Poll reveals opposition to plastic surgery ads
22 January 2013
A BMA survey has revealed opposition to the advertising of cosmetic surgery to the public.
In response to the BMA website poll question ‘should advertising cosmetic surgery directly to the public be banned?’, 225 people said yes and 101 said no. Another 22 people said they did not know.
The survey results mirror the findings of the Department of Health Review of the Regulations of Cosmetic Interventions: Call for Evidence, to which the BMA responded.
NHS medical director Professor Sir Bruce Keogh began the review last August following the PIP breast implant scandal.
The majority of respondents to Sir Bruce called for tighter restrictions on advertising and a ban on two-for-one offers, time-limited deals, and cosmetic surgery being offered as competition prizes.
The BMA response states: ‘Salesmen should have no part to play in the decision a patient has with regard to whether they have a cosmetic intervention.’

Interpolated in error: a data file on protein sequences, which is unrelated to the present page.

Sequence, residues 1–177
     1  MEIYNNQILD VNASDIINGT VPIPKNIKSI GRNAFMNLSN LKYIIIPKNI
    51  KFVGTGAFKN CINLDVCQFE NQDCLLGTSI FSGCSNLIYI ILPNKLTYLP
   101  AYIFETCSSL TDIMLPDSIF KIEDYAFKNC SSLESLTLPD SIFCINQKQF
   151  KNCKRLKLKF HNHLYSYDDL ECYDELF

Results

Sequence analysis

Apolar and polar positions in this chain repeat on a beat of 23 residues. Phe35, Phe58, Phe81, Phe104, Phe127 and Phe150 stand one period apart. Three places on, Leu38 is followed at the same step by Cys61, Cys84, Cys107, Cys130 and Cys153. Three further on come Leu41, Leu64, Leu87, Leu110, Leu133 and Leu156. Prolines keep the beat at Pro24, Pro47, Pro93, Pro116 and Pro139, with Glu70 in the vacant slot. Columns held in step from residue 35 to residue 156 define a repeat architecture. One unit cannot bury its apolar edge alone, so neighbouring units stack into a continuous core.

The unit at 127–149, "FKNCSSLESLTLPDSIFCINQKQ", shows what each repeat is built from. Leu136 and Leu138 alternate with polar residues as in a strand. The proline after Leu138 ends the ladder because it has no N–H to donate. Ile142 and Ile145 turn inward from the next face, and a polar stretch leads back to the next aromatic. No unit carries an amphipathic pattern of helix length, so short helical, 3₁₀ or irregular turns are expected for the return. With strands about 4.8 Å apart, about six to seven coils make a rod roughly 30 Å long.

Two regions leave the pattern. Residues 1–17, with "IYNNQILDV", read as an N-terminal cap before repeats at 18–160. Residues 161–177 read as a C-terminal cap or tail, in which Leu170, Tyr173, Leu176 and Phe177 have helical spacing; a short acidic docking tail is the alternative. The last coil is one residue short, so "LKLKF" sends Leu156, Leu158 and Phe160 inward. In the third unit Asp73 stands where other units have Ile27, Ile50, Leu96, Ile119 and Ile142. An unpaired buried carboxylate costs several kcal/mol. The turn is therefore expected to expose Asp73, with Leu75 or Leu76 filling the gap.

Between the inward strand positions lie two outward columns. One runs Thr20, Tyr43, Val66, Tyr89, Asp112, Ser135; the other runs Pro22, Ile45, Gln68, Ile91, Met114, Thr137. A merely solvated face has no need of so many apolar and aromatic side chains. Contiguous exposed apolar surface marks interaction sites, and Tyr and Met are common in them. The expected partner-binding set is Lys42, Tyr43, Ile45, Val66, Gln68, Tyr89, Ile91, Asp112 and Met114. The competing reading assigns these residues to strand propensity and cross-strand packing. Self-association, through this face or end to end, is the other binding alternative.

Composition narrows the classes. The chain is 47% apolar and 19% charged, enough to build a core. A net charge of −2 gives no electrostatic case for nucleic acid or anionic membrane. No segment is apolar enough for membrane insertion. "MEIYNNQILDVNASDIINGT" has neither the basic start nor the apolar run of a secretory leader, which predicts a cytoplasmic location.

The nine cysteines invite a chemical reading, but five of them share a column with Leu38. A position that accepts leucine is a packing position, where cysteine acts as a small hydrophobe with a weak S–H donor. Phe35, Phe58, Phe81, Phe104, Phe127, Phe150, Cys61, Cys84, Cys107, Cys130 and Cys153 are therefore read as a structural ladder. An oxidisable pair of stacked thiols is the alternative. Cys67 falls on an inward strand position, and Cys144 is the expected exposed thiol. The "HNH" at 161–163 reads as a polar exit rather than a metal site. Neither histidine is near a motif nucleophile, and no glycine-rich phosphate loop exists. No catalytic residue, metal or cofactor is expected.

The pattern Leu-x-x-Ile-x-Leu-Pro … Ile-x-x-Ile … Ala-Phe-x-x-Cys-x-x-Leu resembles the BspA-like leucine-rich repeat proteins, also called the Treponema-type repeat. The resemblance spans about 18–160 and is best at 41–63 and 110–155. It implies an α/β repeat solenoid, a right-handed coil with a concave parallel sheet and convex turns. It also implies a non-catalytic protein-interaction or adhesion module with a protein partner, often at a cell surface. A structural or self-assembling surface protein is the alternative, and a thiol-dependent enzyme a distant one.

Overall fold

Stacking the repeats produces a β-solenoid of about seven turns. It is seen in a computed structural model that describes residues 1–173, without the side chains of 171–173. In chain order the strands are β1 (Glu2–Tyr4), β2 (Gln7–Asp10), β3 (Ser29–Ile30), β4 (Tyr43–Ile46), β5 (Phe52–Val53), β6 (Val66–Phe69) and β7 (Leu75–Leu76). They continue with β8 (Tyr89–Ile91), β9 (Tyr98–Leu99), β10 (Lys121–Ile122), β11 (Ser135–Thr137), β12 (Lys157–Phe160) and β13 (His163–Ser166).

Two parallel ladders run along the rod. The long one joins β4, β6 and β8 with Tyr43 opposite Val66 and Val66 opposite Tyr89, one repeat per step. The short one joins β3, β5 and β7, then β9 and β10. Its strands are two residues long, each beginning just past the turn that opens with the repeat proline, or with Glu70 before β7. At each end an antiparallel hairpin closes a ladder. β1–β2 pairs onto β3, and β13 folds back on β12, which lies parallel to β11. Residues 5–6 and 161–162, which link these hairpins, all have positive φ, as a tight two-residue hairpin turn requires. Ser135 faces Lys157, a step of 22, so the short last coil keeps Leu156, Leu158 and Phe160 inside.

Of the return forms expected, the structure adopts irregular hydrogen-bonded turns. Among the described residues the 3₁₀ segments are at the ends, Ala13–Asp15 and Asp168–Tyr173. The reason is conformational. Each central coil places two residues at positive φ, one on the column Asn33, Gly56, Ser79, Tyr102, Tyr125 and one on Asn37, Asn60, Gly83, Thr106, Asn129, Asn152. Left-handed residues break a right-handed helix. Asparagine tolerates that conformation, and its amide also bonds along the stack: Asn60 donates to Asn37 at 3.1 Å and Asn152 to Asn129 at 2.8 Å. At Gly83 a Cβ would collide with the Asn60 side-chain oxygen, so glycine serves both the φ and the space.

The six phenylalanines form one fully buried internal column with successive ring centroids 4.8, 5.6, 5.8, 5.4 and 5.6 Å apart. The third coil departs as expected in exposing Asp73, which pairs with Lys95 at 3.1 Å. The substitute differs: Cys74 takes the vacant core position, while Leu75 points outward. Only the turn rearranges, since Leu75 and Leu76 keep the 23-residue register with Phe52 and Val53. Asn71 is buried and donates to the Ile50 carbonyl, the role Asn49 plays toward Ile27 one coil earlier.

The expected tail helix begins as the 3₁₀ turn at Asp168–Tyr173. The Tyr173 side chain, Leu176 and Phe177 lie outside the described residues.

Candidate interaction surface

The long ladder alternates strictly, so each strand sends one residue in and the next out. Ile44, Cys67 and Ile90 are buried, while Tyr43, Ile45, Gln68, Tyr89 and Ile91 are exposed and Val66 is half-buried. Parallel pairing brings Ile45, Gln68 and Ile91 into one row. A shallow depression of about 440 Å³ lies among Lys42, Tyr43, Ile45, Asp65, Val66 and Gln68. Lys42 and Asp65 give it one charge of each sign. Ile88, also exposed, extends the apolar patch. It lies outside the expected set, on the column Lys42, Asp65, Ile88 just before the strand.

Cooling off period
It says it is essential that ‘patients should be properly assessed and counselled by an experienced doctor as part of the consent process’.
The BMA supports GMC guidelines stating that published information should be ‘factual and verifiable’.
It adds: ‘Advertising should merely be restricted to what services are available without having any inducements or without trivialising the procedures on offer.’
The BMA calls for the banning of incentives to promote cosmetic interventions. It also expresses concern about the body-art sector, and calls for greater regulation in this area, which involves ‘invasive and surgical procedures’.
It says: ‘The “cooling off” period should be greater if the procedure is more risky or visible [as is the case with] tattoos of the [face and] cornea or the implantation of jewels in to the eye, and body-enhancement implants in places that are hazardous such as the tongue or the lips.’
The recommendations from the DH review are due to be published in March.
Vote in the poll on a paperless NHS.